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'Broken Windows' Policing, Three Decades On

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Mary Kissel at the WSJ interviews "Manhattan Institute Senior Fellow George Kelling on his famous theory of policing and how it's fared in practice."

Despite the title and subhead, Kelling's first point is that "Broken Windows" is about more than policing.

Here's the theory in a nutshell.  If a window is broken in a neighborhood and no one fixes it, it's a sign to all that nobody cares.  People prone to vandalism become more bold, while people who would like to keep the neighborhood up become more likely to take a "why bother?" attitude.  Things spiral downward, ultimately increasing major problems, including crime.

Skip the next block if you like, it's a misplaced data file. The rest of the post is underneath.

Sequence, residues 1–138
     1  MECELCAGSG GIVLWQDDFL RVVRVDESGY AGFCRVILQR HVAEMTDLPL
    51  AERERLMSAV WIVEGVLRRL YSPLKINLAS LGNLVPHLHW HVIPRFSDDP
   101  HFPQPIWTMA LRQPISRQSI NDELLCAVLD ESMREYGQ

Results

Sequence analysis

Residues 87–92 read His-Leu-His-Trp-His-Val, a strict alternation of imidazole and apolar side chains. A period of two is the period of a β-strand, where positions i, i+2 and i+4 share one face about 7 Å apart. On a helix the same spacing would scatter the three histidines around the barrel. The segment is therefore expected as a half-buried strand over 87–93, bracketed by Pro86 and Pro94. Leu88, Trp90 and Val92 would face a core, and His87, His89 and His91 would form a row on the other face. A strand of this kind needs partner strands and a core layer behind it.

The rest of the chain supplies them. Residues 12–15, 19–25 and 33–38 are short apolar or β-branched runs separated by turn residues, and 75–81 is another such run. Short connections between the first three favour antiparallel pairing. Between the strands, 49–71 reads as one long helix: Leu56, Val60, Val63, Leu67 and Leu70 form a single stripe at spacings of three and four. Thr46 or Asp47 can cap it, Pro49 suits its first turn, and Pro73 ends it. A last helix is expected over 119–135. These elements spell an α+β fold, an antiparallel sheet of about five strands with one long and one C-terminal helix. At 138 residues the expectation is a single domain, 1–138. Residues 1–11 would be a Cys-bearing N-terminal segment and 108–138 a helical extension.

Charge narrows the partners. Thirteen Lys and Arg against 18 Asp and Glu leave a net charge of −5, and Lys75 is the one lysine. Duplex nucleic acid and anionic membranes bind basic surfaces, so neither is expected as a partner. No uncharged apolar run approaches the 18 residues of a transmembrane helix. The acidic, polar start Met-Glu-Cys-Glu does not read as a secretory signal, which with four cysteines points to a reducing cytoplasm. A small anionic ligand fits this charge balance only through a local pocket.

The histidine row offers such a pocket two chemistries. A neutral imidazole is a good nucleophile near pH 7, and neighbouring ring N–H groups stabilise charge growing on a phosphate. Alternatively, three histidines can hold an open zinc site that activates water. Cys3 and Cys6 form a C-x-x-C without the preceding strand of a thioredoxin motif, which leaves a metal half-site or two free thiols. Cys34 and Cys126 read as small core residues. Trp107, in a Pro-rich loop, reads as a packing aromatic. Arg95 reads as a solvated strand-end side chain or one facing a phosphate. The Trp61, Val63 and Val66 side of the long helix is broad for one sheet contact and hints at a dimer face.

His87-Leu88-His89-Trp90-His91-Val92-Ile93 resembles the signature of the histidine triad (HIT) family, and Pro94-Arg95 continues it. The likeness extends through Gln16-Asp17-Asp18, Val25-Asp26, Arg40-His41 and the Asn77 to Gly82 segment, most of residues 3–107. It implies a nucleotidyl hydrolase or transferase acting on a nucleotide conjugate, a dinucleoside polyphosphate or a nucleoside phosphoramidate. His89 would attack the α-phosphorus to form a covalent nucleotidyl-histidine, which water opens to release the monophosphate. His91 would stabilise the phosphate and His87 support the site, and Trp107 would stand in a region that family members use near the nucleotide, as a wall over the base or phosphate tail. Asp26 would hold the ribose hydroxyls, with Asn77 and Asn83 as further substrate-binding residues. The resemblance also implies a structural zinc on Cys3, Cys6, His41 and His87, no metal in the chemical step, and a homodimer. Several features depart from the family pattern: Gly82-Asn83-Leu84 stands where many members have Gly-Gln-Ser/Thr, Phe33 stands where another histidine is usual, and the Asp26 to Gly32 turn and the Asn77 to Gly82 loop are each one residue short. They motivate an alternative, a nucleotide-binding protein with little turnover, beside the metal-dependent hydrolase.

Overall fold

Taking care of problems that some people regard as petty actually does matter a lot.

Dr. Kelling, BTW, is a long time friend and advisor of CJLF, as was his co-author, the late James Q. Wilson

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